The Israeli cleantech startup UBQ Materials has signed an agreement with Mainetti to provide it with an innovative alternative for plastic that will be produced from the trash thrown out by Israelis.
UBQ Materials, an Israeli company based in the Negev, has developed a process to convert unsorted household waste into a plastic substitute that can be made into everyday goods, and in this case, clothing hangers.
Mainetti is one of the world’s largest full-service suppliers of retail solutions. The Mainetti Group operates 52 production sites around the world and is a major equipment supplier to the major fashion companies and chains. The company produces billions of hangers a year.
The UBQ Materials factory in Kibbutz Tse’elim employs a unique technology that turns all types of waste, including food scraps and plants, various plastics, cartons and dirty diapers, into raw material useful for the automotive industry, trash cans, shopping carts, pipes, 3D printing, and variety of other products.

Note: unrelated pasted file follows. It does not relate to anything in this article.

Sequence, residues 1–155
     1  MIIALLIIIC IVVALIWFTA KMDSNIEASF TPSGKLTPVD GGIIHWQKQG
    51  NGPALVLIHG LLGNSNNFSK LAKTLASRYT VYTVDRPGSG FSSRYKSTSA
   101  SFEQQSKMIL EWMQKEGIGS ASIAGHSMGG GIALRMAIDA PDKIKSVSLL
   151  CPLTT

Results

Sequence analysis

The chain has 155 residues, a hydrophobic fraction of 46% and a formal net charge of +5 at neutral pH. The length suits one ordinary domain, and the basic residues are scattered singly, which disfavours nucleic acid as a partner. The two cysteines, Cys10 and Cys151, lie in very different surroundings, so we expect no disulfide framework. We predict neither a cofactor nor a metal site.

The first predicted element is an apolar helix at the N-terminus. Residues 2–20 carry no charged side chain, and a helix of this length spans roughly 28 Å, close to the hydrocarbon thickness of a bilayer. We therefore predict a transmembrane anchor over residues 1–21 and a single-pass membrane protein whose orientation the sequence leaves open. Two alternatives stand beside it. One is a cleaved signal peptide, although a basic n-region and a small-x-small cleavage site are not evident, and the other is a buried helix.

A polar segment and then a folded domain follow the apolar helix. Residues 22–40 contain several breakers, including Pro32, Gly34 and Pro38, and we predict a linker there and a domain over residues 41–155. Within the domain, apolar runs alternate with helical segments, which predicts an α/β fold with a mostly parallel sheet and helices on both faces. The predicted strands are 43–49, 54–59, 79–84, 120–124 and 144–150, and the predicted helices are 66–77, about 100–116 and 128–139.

Thanks to the treatment of waste types that are not currently recycled, every ton of raw material processed in the plant saves carbon emissions and helps companies that are committed to environmental protection to achieve their goals.
Entrepreneur Jack “Tato” Bigio, who founded and manages UBQ Israel, said the agreement with Mainetti is an important step in the enlisting of leading plastic manufacturers in the world to use environmentally friendly substitutes.
The agreement was signed after lengthy tests conducted in factories that proved that UBQ’s innovative material is suitable in its physical and chemical composition.
“It is very easy to underestimate the importance of recycling in the manufacture of hangers, but when you make the multiplications of the enormous quantities used in the fashion industry, one realizes the tremendous environmental contribution that using the material has,” UBQ stated.